As we have predicted, hackers are eagerly (and successfully) branching out to verticals outside the financial sector. Below we demonstrate how a malware attack was executed under the name of a government agency, targeting the finance department of an enterprise.
The attack starts with an email allegedly coming from a government agency.
In this case, a Colombian agency called DIAN (equivalent to the IRS in the U.S.) appears to be contacting members of the finance department in a corporation. In very professional language, the email states that the Company’s TAX ID has been suspended, and advises the user to download and fill out the attached documents. To make it appear even more authentic, the email is signed by a person who legitimately works for the agency, according to the leadership page on the agency’s site.
English translation shown below.
Upon downloading the attached files, the user will not see anything happening on the screen but the attack drops instantly. During those milliseconds, the user’s machine is infected and the attack is set up, where the breach of information is made possible. Imagine your company’s CFO, Finance Director or Accounting Manager’s files and emails being exposed to hackers and potentially for sale on black markets. Every single plan for mergers and acquisitions, company valuation, shareholder information, employee salaries, customer contracts and more is now exposed.
What do hackers do with this information?
If you are the Sony hackers, you make this information public, to embarrass and create havoc for the company. But many hackers are more interested in making money than they are in getting public recognition. They will find a way to make money from your data, probably by breaking it up and selling it to someone who finds each piece of information valuable. Additionally, for public companies, the information can be used to play the market – a form of ‘insider trading’ with no limit to the amount of money that can be made by market manipulation.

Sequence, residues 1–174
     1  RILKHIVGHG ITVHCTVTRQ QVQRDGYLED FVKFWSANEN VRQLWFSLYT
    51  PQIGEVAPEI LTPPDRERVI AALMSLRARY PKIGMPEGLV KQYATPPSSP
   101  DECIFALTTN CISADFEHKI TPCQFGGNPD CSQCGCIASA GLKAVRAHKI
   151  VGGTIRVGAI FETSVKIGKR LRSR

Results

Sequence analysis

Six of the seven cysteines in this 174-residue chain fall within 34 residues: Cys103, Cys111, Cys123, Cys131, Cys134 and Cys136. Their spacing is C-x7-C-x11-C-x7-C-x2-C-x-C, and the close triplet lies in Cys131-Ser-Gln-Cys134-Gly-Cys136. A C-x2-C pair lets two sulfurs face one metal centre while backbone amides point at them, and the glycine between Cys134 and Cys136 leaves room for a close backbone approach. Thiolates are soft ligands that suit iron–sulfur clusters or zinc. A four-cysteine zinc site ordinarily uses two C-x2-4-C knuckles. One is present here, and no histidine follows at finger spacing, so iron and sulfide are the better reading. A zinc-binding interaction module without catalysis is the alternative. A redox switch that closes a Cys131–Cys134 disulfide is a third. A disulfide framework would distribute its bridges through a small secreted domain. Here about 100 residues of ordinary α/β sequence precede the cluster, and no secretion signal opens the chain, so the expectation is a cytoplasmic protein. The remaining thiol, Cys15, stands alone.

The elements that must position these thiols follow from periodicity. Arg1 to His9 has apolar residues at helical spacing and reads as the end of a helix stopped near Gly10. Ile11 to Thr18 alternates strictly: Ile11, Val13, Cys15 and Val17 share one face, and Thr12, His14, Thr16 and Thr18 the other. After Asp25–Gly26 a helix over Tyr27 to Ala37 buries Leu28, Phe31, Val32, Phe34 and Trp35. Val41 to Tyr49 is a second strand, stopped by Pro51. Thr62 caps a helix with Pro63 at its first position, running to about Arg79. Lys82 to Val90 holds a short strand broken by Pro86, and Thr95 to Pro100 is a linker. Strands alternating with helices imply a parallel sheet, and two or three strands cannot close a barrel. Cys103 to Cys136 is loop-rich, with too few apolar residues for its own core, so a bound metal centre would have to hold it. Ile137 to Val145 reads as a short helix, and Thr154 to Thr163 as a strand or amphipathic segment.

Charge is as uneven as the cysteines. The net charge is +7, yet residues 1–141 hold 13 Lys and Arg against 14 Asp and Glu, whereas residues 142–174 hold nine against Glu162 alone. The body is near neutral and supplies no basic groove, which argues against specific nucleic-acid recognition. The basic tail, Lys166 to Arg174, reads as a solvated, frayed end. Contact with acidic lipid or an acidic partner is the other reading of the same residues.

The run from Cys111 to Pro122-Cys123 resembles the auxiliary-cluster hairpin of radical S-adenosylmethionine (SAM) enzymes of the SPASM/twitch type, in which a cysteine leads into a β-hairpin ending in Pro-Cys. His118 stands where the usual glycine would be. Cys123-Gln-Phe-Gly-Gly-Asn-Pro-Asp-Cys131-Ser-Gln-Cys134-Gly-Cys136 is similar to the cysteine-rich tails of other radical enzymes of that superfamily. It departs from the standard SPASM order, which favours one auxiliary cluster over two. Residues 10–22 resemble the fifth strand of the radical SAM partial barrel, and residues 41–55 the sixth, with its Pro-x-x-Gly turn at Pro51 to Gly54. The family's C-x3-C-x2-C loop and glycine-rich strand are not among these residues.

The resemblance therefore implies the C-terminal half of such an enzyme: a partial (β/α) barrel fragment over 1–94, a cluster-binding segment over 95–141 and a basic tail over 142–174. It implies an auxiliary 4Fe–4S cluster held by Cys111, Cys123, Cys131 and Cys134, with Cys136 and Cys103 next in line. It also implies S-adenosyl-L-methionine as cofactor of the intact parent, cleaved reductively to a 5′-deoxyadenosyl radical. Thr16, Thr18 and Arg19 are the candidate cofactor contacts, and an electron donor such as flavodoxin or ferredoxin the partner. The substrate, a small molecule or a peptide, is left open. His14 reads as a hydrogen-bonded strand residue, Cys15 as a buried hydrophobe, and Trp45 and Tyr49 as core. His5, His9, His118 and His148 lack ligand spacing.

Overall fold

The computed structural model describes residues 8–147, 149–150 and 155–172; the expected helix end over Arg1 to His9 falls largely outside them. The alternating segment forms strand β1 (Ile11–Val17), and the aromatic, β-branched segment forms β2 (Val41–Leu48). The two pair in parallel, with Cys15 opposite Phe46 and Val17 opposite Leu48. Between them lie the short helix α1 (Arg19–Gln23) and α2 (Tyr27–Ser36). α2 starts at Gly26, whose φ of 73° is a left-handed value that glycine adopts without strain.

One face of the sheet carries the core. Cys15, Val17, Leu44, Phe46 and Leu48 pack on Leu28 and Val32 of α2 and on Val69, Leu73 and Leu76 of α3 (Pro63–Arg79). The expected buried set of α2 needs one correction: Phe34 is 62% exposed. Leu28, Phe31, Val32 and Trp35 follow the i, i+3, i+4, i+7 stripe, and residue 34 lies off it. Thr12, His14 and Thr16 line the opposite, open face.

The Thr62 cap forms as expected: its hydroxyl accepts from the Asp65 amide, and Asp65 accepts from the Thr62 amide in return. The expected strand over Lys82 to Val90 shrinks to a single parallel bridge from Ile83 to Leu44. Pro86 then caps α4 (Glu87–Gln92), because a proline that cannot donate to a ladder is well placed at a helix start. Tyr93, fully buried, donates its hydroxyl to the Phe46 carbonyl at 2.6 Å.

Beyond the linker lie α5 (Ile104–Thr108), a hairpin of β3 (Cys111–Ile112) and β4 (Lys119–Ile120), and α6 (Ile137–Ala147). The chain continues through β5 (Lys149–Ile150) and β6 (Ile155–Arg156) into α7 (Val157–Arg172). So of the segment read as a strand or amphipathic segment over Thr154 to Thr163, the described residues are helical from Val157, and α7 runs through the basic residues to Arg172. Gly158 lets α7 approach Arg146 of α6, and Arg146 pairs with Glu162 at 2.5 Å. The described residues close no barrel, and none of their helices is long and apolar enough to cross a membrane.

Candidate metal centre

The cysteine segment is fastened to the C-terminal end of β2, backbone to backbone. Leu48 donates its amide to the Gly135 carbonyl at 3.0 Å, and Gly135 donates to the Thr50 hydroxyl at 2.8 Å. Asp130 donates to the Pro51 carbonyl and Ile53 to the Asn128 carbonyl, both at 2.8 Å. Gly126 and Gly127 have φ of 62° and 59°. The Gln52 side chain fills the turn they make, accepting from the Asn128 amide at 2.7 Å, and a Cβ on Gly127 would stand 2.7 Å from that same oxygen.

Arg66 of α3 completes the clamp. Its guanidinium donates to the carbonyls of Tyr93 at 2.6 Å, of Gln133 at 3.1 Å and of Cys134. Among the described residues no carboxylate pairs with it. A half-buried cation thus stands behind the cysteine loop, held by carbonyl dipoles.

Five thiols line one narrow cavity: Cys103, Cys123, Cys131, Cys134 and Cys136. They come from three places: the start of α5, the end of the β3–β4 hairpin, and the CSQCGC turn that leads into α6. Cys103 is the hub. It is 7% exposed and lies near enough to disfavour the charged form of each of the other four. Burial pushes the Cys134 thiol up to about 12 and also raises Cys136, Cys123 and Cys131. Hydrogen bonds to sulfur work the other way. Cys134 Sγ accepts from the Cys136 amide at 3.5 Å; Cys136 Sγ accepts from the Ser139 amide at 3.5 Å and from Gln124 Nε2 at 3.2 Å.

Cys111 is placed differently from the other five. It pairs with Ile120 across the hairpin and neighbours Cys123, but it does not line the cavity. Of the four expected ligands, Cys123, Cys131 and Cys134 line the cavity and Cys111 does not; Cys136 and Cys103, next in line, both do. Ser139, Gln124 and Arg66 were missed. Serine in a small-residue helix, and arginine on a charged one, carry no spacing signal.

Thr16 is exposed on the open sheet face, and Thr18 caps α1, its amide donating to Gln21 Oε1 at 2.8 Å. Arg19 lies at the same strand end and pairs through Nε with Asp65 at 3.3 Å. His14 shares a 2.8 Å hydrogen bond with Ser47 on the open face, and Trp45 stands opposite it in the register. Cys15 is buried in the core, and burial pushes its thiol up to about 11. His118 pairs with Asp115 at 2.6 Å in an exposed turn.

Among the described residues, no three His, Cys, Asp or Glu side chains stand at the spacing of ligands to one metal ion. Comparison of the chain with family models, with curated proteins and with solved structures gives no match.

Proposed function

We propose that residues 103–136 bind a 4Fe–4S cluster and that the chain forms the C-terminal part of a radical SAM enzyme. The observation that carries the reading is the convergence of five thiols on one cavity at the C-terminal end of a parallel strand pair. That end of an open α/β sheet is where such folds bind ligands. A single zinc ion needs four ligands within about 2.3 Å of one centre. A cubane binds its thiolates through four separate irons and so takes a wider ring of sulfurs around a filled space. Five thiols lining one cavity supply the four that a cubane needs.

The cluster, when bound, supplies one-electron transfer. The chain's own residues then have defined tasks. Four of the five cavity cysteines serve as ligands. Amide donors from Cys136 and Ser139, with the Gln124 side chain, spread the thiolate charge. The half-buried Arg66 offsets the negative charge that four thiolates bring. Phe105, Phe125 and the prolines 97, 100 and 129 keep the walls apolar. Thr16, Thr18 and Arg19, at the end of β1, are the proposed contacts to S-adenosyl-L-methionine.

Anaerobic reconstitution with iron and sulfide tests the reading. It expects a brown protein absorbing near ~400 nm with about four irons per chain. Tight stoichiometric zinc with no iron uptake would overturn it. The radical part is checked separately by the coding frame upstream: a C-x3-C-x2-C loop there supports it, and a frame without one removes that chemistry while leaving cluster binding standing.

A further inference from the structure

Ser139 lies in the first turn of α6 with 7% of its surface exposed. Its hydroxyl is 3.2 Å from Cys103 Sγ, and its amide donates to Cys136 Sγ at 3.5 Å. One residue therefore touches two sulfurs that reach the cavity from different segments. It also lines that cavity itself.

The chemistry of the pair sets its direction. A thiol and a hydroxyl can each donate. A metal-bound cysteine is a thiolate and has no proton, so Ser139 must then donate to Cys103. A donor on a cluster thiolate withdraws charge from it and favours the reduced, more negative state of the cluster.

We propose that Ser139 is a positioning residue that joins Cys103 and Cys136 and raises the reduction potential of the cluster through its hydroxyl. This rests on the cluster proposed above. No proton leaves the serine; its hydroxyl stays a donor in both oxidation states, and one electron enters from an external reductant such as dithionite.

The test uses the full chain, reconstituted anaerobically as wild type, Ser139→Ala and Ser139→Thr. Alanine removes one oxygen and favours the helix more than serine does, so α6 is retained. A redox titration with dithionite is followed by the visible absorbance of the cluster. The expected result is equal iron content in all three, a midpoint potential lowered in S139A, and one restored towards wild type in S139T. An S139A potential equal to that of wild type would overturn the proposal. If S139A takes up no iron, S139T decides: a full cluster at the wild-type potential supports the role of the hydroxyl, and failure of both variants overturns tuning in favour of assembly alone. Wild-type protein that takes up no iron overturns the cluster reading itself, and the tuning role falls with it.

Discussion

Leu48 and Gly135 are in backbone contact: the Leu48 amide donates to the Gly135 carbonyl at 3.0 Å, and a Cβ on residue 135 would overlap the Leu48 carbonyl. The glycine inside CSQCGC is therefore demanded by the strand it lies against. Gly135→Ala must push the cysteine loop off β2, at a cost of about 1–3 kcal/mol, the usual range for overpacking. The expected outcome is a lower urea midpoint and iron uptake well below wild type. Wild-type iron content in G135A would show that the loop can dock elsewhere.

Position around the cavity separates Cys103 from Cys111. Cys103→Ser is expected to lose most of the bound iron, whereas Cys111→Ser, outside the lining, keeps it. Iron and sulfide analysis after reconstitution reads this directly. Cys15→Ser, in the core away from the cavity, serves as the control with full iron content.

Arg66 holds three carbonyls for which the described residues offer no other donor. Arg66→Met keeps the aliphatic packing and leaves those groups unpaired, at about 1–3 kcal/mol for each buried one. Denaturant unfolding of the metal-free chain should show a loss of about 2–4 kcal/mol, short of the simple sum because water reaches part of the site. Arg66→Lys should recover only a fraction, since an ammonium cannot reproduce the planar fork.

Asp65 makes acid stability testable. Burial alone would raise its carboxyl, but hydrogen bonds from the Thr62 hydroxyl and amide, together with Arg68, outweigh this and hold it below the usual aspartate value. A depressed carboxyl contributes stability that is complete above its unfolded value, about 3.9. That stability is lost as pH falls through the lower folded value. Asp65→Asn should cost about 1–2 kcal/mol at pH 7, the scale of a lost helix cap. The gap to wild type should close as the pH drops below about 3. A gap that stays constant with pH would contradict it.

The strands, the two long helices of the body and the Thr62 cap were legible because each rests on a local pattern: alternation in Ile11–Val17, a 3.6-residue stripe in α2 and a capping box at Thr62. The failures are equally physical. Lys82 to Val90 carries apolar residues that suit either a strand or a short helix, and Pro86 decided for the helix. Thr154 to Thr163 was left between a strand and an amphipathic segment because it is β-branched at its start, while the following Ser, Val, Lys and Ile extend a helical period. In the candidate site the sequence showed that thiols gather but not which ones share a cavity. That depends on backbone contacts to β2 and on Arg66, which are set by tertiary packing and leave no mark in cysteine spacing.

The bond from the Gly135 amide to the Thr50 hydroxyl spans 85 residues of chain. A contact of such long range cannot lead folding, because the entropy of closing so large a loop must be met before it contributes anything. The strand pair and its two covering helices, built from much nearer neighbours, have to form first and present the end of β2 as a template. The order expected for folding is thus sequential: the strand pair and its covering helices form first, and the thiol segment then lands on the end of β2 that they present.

Financial institutions are getting smarter about fighting fraud. They are deploying multi-layered protection, and as a result, stealing credit card data or launching direct attacks on these institutions and customer bases is becoming increasingly complex. This is forcing hackers to look for alternative sources of financial gains. In 2015, we are forecasting an increase in this type of attack outside of the financial sector. Look for attacks to expand into other verticals, including pharmaceutical companies, airlines, hotels, as well as into the lines of businesses within the enterprise.